“But what can I do?”
No parent wants to here those phrases from their kids. Especially not when you’re trying to work from home and you know that for your son on the autism spectrum, a cure for boredom is not easily found.
I ran through the checklist of Ryan’s favorite activities, meeting rejection each time.
Hockey Guys, NHL2K, street hockey … all received a quick “no!”
I branched out. Why don’t you read? Ryan had actually done some voluntary reading on our recent vacation, a real landmark development for him.
“I already read today,” came the reply.
What about playing with his sister? This was met with another quick rejection from Ryan and an eye-roll from Riley.
I thought about giving up, but I knew what that would mean — an interruption from Ryan every few minutes asking the same question. As I really was trying to work, this was not a good option. I decided that there was an opportunity for a teachable moment here.
“If you’re bored with all your favorite activities, maybe it’s time to try something new,” I told him. “Or at least something you haven’t done in a long time.”
I’ve attempted this before. It usually goes over about as well as a suggestion to play Barbie would. That is, not well.
Maybe it’s a little bit of a softening of Ryan’s “rock brain.” Maybe he really had just reached the point of boredom that he was willing to give something a try. Whatever the reason, he didn’t say no. He said, “like what?”
A-ha. An opening.
I blurted out the first thing that came to mind. Recalling a nice time a few months ago when I had gotten both of them to play Wii golf, I said, “why don’t you play something different on the Wii?”
Riley’s eyes lit up. She excitedly said they should play Wii Sports Resort, a many-games-in-one package that includes golf, bowling, wake boarding, and more.
Ryan said yes, and then surprised me even more by suggesting they take turns picking sports to play within the game. Riley, who has been rejected many, many times for making the same suggestion, raced to the basement to set up the game.
And with that, they were off. Table tennis, archery, basketball and yes, golf. It lasted for perhaps two hours with barely a disagreement. This is not a common occurrence in our house.
I was thrilled to hear Ryan playing Wii golf. He used to love the game. Before hockey became a consuming obsession for him, he loved golf. He used to create female Mii characters and have them do horribly on purpose so his male Mii, named “Buttface” would win by a wider margin. When he graduated from simple Wii golf to the Tiger Woods game, he would do the same thing, only playing as Tiger against the LPGA pros in the game like Natalie Gulbis.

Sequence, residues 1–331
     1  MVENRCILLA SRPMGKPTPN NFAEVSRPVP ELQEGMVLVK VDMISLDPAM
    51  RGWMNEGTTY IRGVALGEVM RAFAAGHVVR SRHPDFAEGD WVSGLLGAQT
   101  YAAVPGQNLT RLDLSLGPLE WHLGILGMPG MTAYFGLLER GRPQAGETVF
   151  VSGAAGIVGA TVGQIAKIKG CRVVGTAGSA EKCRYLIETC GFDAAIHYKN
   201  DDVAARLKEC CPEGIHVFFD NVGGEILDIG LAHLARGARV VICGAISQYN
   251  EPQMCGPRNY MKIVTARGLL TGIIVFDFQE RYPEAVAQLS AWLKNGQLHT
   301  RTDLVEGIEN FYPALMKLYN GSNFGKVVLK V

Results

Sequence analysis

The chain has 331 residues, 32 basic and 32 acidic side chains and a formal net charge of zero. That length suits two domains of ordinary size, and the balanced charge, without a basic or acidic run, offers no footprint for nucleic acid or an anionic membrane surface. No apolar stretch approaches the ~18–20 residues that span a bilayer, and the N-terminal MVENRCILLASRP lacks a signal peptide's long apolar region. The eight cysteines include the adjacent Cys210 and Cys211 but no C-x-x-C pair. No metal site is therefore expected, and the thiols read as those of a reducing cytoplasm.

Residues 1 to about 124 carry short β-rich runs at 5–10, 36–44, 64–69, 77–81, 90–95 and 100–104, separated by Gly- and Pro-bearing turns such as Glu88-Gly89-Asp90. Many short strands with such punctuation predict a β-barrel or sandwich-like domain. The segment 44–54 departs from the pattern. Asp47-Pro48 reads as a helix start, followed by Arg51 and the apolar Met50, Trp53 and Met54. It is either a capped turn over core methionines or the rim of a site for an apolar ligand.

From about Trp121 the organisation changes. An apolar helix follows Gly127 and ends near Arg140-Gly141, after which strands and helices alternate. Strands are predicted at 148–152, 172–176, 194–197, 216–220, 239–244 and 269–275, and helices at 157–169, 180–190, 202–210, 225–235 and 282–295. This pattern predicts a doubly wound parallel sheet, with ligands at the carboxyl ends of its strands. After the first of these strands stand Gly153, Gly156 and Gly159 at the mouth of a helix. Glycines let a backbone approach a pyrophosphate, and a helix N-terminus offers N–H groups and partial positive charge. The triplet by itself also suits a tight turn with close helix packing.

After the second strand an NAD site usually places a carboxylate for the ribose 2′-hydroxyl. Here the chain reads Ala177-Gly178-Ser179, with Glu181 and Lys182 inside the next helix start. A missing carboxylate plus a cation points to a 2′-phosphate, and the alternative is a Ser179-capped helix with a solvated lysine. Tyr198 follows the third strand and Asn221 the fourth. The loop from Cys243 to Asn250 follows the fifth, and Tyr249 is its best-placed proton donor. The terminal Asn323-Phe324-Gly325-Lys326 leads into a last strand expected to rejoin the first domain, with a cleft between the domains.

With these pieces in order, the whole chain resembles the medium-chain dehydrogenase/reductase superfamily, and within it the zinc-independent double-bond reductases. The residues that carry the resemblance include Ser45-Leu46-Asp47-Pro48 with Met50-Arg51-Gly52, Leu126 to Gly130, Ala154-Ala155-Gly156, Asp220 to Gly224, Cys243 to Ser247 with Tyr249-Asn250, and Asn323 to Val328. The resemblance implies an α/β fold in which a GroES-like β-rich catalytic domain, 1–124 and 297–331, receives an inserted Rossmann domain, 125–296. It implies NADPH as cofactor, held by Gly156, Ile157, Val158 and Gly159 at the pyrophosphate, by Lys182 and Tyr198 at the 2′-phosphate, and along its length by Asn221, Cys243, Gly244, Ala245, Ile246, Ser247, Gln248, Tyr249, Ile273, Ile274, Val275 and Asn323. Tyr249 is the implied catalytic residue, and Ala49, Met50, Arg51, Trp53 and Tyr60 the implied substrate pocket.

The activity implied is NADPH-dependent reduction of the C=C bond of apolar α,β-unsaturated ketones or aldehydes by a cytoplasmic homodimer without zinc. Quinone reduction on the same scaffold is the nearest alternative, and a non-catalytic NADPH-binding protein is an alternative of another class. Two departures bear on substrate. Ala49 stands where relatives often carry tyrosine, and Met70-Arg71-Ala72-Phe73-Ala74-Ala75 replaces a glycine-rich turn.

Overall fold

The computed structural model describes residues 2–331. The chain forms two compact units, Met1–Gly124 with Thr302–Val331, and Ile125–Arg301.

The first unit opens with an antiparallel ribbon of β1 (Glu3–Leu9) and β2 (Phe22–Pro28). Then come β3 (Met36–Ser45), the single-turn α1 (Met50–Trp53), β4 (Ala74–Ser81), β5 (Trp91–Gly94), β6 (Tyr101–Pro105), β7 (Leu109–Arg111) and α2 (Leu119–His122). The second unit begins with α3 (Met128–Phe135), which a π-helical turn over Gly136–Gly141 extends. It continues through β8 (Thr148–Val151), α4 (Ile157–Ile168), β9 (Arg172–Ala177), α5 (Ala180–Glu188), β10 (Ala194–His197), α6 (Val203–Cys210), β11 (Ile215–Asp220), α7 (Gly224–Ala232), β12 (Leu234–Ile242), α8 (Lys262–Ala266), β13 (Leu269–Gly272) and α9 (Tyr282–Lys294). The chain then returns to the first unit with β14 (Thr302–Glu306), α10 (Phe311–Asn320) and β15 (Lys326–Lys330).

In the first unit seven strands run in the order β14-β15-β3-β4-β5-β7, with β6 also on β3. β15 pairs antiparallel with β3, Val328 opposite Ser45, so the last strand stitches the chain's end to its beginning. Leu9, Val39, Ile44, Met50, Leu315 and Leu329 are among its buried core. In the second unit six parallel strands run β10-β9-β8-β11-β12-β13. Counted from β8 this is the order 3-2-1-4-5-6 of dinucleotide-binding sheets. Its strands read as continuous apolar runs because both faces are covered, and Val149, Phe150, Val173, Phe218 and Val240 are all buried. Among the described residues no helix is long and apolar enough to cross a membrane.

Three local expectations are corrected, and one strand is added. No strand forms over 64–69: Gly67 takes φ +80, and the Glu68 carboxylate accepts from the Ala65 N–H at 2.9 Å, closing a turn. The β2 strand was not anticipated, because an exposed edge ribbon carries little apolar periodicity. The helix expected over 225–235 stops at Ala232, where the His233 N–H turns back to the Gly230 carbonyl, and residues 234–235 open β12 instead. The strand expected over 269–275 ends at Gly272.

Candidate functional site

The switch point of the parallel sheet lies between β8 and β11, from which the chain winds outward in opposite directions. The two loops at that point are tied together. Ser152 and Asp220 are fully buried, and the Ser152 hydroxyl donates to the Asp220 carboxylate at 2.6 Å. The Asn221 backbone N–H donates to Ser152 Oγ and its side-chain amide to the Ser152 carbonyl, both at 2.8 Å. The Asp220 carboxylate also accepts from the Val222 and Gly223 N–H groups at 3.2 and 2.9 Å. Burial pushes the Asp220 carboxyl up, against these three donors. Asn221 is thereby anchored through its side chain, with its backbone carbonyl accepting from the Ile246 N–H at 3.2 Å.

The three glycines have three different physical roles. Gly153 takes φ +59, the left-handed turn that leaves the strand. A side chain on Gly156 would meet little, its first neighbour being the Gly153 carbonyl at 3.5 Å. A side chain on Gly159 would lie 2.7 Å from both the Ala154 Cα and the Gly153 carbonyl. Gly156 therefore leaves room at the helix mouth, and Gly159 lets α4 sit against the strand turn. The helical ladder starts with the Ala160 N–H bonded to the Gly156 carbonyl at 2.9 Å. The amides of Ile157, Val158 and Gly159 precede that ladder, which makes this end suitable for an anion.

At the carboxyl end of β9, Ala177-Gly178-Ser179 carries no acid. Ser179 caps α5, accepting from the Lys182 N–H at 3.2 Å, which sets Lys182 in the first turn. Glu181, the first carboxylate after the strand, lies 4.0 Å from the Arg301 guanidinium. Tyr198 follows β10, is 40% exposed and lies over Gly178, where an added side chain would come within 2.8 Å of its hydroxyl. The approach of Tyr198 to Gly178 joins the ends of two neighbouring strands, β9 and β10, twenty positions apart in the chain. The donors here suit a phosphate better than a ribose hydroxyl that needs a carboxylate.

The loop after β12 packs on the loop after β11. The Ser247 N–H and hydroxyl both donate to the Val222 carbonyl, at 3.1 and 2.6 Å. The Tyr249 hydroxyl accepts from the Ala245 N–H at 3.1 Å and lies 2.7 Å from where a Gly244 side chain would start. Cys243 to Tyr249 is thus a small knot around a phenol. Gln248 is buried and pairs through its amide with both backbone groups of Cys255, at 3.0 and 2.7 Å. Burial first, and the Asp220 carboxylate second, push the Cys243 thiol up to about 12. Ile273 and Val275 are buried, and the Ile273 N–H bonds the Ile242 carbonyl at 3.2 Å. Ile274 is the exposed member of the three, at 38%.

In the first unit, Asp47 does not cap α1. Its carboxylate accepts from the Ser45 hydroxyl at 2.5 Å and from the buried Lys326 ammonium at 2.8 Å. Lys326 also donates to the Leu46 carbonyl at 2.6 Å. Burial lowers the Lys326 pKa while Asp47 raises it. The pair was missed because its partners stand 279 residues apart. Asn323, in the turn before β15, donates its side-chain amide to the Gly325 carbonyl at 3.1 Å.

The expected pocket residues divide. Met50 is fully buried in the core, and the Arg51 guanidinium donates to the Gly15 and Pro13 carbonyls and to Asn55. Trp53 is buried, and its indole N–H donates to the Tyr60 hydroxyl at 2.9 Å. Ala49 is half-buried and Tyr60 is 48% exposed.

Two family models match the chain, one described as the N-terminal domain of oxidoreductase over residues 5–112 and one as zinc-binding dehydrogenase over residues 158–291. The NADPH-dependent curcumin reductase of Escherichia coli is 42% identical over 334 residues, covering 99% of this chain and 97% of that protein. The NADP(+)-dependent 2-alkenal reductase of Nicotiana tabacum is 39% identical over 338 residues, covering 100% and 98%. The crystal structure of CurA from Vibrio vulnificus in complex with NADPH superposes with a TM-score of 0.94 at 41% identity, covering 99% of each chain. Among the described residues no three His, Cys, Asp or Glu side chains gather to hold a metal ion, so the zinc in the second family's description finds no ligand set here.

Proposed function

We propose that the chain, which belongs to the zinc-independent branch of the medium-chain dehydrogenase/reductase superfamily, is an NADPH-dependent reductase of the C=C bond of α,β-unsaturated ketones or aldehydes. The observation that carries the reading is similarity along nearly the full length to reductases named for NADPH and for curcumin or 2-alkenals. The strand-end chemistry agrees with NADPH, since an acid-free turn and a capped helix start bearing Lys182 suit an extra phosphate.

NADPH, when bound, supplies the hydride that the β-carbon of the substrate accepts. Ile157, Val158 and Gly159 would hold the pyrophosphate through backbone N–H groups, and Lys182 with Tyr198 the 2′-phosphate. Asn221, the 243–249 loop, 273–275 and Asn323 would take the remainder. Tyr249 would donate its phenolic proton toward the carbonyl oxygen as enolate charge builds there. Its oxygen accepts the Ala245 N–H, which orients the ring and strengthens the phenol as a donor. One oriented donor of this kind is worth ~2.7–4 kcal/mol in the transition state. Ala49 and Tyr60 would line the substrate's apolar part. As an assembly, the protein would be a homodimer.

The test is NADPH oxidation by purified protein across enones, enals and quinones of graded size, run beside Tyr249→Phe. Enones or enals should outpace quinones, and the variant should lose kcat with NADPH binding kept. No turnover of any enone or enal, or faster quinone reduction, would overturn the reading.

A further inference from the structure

He even went as Tiger Woods for Halloween one year. Golf club, red golf shift, black Tiger Woods Nike hat. This was the Halloween just before Tiger’s infamous SUV crash at Thanksgiving. I guess we weren’t too disappointed when his golf interest faded shortly thereafter. I really wasn’t relishing a trying to explain Tiger’s personal downfall. I don’t think that Tiger Woods game has been touched since. But here he was, playing Wii golf as Buttface, and doing quite well. For those unfamiliar with the Wii platform, it requires you to hold the remote and swing it as you would a golf club. Only Ryan never played that way. Through hours of repetition, he learned how to precisely control his shots simply by shaking the remote in his hands. He actually got quite good at it. I tried his method and couldn’t come close to repeating his success. Back when he was playing a lot, I couldn’t beat him even by swinging conventionally.
So it was a thrill for me to see him playing the same way after barely touching the game for years. He was rusty, but still not bad. And there was no need to intentionally have one of the female Miis do poorly this time, he was dominating his real-life sister.
Of course, there was a new twist. Ryan loves to do play-by-play for his Hockey Guys or a backyard game of street hockey. His style is very much that of Doc Emrick, his voice rising to a crescendo as the action increases. He has watched so much hockey that he has picked up a lot of nuanced phrases and cliches that he mixes in to his calls. He’s also loud. Very, very loud. He does everything at top volume, and his inability to temper his voice level leads to many, many arguments in our house.
As I set working on my laptop the other day, happy that the kids were playing together without fighting, I heard it: Ryan was doing his signature play-by-play, practically yelling.
Only this wasn’t hockey. It was golf. As annoying as the volume was, I couldn’t help but laugh. The sound of him yelling like Emrick over golf action was so perfectly absurd. “Riley putting … and she puts it JUST WIDE!!!!!!”
I decided I must capture this. I opened the basement door and stuck out my iPhone to make a voice recording. Here, listen for yourself. This is but a small sample, but you get the idea.
Now, I enjoy golf on television. I don’t mind the hushed whispers of the announcers. I do find it ridiculous that anyone could describe a downhill putt on a fast green as “courageous,” but that doesn’t hurt my enjoyment of the sport.
But as I listened to Ryan, I thought that this style off announcing might improve the sport on television immeasurably.
Somehow, I don’t think it’s an idea that’s going to gain much traction.
I’ll settle for it curing a case of boredom one afternoon.